Faith and Culture: The 'Ratzingerian Marxists' and the 'Anthropological Emergency'
appears to us to be the most serious manifestation and at the same time the deepest root of the crisis of democracy. It germinates challenges that demand a new alliance between men and women, believers and nonbelievers, religion and politics."
The manifesto calls for a new definition of secularism, one that is less hostile to religious values, recognizes the important public role of the Catholic Church and other religious bodies, and suggests for a greater balance of both faith and reason in the public arena.
It suggests that the Church's social doctrine, which is founded on authentic human values, ought to be an inspiration to political parties, and can help bring some sort of commonality between all political parties so that debates are less polarizing.
While the manifesto recognizes the autonomy of the political sphere vis-ŕ-vis the Church, that autonomy should not be construed as hostile to religious values or amoral. The Church should be a partner in the development of society.
The manifesto proclaims the need to guard against the danger of the "radical culture" of an overemphasized individualism which appears heedless to the truths and the good of social institutions and relationships, and results in a sort of tyranny of uncontrolled desire and uncontrolled application of technology as the only good.
It stresses the need to reject ethical relativism and to recognize that there are some values that are simply non-negotiable.
The rejection of ethical relativism, the manifesto stresses, does not mean that the values of cultural pluralism need be rejected. What it does require, however, is the rejection of morally nihilistic visions of modernity espoused by a minority of radical intellectuals. Such moral nihilism can never be the basis for a democratic life.
Recognition of non-negotiable moral realities-one of which is the "freedom and dignity of the human person from the first moment of conception"-does not discriminate between believers and non-believers. The authors of the manifesto frankly concede that this is the most criticized passage of the letter, and yet they view it as among one of the most important.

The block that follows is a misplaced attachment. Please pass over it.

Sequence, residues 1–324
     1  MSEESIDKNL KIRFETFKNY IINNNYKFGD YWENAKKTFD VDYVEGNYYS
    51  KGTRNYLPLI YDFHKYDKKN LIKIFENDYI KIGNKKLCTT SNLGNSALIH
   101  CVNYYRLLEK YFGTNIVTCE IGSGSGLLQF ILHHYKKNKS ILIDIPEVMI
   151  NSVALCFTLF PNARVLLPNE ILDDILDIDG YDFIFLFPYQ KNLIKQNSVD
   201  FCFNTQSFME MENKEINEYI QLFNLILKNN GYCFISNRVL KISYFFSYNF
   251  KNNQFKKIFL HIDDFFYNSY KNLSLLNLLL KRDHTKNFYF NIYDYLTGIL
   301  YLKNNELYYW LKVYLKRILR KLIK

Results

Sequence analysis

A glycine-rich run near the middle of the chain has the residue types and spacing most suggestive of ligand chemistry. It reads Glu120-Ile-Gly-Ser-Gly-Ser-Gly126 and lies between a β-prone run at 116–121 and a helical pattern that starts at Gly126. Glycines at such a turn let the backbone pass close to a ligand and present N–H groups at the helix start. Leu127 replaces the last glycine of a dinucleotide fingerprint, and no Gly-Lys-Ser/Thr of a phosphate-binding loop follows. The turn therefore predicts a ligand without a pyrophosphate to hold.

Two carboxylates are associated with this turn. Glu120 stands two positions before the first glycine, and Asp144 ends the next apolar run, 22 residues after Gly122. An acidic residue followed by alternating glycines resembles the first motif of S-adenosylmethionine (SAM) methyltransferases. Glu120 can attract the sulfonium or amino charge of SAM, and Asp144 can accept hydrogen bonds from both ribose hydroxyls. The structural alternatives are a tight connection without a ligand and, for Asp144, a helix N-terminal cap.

"To this end," the manifesto concludes "we believe that the Democratic Party should promote a public dialogue with the Catholic Church and other religious denominations operating in Italy and which are "ethically sensible," to the end that it might attend more strictly to the actual risks of the Italian nation: the state of its unity, and the "ethical substance" of the democratic regime."
The manifesto, along with a fourteen separate essays commenting on the manifesto, has recently been published by the Italian publisher Guerini & Associates.
The authors of the manifesto have also announced a major conference that will include both Catholics and non-believers that will discuss the manifesto in 2013, and which will focus on the anthropological vision of Benedict XVI.
Perhaps Americans can learn from the "Anthropological Emergency" manifesto and the efforts of the "Ratzingerian Marxists" Barcellona and Paolo. God knows that our fractured society has lost the ability to communicate sensibly on those things which ought to guide our life in common and our political life. The right and the left seem to yell past each other.
Our society has become overly secularized and increasingly heedless to and even hostile to religious values. The government seems intent on limiting religious freedom to freedom of worship and seems hostile to a broader, traditional view of religious freedom as including not only worship, but also public works of mercy.
All too often, we have adopted relativistic view of life, where "whatever floats your boat" is to be allowed, and where there are no such things as non-negotiables. Our country would be better served if the Catholic Social Doctrine was better-known by our politicians, whether they be Catholic or not.
We have, moreover, trampled over some of those non-negotiables, most obviously that great non-negotiable that the "freedom and dignity of the human person from the first moment of conception" ought to be respected.
Andrew M. Greenwell is an attorney licensed to practice law in Texas, practicing in Corpus Christi, Texas. He is married with three children. He maintains a blog entirely devoted to the natural law called Lex Christianorum. You can contact Andrew at email@example.com.
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Pope Benedict XVI's Prayer Intentions for January 2013
General Intention: The Faith of Christians. That in this Year of Faith Christians may deepen their knowledge of the mystery of Christ and witness joyfully to the gift of faith in him.
Missionary Intention: Middle Eastern Christians. That the Christian communities of the Middle East, often discriminated against, may receive from the Holy Spirit the strength of fidelity and perseverance.
Keywords: Ratzingerian Marxists, Pietro Barcellona, Paolo Sorbi, Anthropological Emergency, Andrew M. Greenwell
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